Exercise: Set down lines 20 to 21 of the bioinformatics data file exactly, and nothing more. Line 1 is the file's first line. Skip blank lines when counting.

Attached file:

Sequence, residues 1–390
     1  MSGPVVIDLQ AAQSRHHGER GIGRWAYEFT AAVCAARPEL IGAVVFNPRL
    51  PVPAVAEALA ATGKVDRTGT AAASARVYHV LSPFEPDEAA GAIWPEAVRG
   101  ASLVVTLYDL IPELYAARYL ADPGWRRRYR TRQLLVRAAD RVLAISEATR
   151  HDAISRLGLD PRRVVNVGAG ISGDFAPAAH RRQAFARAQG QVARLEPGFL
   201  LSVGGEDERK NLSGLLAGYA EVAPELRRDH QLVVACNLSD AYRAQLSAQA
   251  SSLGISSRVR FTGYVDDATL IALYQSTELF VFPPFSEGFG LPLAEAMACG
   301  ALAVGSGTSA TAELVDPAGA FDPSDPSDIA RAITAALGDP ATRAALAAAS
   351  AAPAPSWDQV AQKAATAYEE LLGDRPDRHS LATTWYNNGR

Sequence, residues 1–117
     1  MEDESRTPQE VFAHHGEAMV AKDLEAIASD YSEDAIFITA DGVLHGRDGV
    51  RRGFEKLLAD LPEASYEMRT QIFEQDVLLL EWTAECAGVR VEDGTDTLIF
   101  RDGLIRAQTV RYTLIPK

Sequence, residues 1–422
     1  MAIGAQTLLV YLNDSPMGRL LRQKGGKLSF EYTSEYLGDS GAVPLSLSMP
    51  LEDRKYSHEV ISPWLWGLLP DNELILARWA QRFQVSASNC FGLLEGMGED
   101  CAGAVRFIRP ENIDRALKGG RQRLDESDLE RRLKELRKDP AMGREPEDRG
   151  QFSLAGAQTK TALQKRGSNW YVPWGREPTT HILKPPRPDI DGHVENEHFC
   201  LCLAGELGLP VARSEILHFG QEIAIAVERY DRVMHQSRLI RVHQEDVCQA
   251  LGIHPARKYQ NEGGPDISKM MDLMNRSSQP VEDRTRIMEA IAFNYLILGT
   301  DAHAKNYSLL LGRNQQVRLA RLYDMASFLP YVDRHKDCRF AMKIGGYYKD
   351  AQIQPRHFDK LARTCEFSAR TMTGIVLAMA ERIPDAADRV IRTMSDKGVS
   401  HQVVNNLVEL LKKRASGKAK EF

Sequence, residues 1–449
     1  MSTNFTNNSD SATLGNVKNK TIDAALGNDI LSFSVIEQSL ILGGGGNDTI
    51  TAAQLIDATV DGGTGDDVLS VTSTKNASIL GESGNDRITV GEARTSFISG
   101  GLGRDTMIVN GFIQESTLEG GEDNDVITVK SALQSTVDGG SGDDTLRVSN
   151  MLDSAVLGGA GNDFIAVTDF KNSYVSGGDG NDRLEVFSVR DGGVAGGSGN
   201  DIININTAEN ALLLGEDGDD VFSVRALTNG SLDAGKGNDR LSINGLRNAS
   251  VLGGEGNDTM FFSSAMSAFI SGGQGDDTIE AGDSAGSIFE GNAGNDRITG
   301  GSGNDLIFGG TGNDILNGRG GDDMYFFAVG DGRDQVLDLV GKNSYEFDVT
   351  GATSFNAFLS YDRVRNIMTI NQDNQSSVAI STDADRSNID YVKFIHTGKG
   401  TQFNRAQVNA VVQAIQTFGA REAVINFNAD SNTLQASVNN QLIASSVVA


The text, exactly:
   251  LGIHPARKYQ NEGGPDISKM MDLMNRSSQP VEDRTRIMEA IAFNYLILGT
   301  DAHAKNYSLL LGRNQQVRLA RLYDMASFLP YVDRHKDCRF AMKIGGYYKD